“The individual is the expert”

I pride myself on my ability to manage my various disabilities. I have spent years coming to terms with the fact that I have them and that there not going anywhere. After realising this fact I have moved away from getting angry and frustrate that I am ‘worse off’ than others and have come to realise that I am just as good (if not better) than everyone else I just have to do things differently and manage my behaviour in order to negate the negative consequences of my disabilities.

I’m going to share  two everyday situations with you where I failed at managing my disabilities so that you can understand the importance of self management on my everyday life and my ability to get on with things.

Bear with me as these aren’t disabilities I’ve spoken about in a public forum before.

So the first issue doesn’t tend to impact on me negatively with any regularity and relates to my dyspraxia. I’m clumsy, really clumsy: I tend to walk into people and things and am good at injuring myself.  All of this fits under the label of dyspraxia; however, I very rarely tend to talk about it as I don’t often feel bogged down by it and only on occasion does it really negatively impinge upon my life. In short, dyspraxia is an issue I have with hand-eye coordination, the issue being that I have none.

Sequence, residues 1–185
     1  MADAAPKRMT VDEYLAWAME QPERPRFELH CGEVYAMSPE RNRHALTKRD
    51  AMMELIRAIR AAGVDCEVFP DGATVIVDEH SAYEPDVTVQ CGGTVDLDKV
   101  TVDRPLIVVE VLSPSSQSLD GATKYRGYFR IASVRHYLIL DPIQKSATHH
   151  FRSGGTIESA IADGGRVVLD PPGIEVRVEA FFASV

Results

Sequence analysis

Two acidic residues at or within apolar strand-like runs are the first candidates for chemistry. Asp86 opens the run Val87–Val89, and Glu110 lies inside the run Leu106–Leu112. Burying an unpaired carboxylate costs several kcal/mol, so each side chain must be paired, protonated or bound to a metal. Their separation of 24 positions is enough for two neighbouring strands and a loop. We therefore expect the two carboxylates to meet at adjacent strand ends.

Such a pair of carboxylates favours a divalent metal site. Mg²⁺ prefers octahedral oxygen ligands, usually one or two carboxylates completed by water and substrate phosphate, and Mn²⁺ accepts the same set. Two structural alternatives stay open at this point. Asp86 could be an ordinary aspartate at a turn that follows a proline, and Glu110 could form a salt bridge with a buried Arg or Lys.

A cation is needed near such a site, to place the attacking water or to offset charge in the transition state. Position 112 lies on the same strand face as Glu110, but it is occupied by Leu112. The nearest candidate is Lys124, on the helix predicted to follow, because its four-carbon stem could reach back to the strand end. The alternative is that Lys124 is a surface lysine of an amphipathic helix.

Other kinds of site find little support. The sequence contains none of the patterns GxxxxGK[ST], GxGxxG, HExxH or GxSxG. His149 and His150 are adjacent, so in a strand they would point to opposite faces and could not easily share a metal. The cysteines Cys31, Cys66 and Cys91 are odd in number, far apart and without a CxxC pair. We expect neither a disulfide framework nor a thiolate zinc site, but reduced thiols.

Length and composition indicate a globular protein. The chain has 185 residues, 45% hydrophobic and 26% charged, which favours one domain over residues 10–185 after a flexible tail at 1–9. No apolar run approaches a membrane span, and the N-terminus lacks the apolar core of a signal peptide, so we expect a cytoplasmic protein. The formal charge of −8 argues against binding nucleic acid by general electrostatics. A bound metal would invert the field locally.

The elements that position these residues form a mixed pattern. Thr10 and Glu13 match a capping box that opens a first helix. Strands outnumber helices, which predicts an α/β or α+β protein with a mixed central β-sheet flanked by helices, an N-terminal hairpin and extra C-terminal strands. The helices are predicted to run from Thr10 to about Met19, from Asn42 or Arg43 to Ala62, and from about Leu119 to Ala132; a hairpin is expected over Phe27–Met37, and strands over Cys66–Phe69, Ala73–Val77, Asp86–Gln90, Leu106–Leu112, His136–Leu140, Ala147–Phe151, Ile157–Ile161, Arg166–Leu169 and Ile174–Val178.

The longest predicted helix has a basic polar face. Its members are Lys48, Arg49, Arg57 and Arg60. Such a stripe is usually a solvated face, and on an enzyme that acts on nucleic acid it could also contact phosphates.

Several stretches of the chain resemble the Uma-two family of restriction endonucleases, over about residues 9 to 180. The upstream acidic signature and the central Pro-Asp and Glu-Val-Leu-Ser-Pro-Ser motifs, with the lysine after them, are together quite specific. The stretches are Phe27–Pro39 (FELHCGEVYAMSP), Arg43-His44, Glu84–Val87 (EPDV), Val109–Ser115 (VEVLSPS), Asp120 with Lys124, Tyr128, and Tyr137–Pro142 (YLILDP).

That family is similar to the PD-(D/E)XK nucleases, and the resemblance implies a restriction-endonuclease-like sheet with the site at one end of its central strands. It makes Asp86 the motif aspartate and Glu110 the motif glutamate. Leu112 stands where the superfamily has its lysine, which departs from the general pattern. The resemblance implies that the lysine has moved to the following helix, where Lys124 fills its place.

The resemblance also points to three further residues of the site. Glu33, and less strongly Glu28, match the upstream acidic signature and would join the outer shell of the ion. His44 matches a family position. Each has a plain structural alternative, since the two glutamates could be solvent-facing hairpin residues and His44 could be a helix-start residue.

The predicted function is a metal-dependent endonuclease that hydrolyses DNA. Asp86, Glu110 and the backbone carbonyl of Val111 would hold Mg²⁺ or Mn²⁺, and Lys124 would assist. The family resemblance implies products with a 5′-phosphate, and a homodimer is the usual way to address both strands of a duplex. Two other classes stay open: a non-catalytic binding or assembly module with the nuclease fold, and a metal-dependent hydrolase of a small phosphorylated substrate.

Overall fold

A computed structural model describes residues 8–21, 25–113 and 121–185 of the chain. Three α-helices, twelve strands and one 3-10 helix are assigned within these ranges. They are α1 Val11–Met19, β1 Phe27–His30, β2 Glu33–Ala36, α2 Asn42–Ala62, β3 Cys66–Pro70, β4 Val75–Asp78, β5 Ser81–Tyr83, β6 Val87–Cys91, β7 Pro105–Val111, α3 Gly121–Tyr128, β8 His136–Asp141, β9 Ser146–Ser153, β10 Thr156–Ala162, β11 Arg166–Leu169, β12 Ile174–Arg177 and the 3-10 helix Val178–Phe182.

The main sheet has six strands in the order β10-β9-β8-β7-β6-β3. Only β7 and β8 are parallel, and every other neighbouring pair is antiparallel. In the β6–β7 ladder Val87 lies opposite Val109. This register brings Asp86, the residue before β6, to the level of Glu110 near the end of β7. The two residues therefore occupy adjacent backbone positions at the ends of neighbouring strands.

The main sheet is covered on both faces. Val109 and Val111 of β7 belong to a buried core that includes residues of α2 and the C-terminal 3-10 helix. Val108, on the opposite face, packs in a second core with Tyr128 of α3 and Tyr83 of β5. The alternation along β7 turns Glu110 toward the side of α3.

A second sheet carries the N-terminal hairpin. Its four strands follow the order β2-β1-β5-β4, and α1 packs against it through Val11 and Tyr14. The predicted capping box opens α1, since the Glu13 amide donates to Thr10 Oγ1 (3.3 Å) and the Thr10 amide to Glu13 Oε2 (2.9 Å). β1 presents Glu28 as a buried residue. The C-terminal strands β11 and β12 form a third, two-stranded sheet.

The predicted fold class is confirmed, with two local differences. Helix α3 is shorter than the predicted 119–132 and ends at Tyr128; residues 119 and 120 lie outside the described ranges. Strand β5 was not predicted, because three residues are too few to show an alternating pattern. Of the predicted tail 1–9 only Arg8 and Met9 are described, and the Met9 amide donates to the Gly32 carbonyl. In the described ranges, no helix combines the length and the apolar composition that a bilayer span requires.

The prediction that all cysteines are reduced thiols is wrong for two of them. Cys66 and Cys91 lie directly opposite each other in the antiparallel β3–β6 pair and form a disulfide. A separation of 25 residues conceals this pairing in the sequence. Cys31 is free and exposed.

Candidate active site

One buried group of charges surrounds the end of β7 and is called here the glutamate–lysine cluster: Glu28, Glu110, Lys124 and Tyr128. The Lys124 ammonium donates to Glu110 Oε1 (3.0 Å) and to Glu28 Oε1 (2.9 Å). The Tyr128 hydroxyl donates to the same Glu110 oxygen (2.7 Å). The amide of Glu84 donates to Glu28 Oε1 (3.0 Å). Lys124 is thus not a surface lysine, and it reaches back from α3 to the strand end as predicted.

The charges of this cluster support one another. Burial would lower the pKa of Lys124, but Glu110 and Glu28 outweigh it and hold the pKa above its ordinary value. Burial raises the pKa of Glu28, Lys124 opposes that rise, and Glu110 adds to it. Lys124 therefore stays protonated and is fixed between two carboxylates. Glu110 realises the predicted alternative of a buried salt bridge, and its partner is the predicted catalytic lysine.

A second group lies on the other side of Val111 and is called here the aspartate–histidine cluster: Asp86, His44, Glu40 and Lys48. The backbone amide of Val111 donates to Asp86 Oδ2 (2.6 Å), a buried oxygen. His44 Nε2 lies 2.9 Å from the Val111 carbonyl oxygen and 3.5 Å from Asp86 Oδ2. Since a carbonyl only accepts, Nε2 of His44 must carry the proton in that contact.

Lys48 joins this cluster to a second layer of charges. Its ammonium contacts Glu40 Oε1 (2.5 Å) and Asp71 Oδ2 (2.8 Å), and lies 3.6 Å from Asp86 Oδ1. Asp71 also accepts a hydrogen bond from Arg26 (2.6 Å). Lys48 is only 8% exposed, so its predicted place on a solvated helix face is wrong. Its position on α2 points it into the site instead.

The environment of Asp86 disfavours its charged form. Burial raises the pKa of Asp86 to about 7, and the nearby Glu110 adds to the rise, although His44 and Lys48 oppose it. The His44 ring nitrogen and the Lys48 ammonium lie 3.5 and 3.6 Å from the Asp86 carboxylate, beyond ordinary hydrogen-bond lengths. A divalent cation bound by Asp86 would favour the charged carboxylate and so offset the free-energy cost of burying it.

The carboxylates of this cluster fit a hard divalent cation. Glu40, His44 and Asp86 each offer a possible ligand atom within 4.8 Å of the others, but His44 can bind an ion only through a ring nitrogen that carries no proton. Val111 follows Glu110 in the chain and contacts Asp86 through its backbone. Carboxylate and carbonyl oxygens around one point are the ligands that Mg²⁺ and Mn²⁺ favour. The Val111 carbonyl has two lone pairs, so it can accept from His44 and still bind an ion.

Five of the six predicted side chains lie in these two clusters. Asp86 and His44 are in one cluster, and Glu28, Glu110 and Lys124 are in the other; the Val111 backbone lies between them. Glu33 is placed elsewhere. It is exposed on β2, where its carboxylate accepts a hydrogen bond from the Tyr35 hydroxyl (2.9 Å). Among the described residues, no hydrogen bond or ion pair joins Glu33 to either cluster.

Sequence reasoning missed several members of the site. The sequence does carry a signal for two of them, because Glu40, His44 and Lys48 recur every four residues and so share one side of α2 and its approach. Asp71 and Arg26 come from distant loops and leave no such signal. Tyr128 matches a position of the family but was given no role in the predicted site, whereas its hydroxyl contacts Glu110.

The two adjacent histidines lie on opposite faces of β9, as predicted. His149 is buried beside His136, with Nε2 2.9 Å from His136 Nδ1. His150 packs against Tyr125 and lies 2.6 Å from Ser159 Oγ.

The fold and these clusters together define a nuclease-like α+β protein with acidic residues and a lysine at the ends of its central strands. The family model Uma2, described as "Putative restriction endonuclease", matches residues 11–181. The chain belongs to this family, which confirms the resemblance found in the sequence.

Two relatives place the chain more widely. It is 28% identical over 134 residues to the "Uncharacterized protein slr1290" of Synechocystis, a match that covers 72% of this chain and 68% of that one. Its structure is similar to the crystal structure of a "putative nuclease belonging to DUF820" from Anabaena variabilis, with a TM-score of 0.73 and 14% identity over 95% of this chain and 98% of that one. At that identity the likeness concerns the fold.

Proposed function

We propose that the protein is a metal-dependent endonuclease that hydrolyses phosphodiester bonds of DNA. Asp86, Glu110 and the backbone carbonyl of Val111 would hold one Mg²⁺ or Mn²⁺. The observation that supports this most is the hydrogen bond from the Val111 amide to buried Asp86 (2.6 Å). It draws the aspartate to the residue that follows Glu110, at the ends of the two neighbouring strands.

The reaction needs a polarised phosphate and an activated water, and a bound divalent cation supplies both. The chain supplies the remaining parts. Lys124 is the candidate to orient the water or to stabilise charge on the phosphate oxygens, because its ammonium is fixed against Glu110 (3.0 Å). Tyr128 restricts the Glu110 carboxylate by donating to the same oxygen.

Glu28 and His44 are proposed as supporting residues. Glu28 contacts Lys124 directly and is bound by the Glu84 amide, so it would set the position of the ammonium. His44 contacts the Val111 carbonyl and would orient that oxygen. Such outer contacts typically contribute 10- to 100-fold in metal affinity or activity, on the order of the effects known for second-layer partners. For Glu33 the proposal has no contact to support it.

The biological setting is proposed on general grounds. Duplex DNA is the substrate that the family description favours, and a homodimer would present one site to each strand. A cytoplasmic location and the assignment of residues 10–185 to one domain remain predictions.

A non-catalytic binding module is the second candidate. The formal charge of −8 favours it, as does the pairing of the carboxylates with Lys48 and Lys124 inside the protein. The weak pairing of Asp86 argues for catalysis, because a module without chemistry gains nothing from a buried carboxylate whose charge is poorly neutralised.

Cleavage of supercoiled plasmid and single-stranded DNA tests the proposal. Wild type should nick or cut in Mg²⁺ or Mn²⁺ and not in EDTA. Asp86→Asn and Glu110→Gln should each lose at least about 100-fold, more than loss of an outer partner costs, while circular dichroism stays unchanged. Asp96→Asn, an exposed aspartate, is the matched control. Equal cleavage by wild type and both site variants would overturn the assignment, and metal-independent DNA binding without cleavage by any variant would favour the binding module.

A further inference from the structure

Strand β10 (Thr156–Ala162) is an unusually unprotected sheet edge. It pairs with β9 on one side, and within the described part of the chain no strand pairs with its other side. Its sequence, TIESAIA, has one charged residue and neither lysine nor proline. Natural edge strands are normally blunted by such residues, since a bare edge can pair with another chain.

Now normally, for me, the symptoms of being dyspraxic are things I am aware about and can mitigate in a way that it becomes a bit of a non-issue, for example I don’t often (willingly) engage in activities that will extenuate/demonstrate it or when I am aware that they are happening I can pull it off as a bit of a joke about how rubbish I am at them e.g. ‘haha I can’t hit the ball/run/ ride a bike’.

Very rarely does this negatively impact on me. I am always a bit ditsy/fall over/ struggle with walking in a straight line – this is why I fail at most sports but swimming (you can’t fall over in a swimming pool). However, I do have occasions when this disability can get in the way and it’s always when I’m not prepared and things are sprung on me: there have been a few times recently that this has been the case. One of which was at the London TUC demo trying to outrun a police kettle (which resulted in being both kettled and hit in the face with a police shield); the other being in an icebreaker game. I’m going to go with the icebreaker example as I think most people will be able to empathise.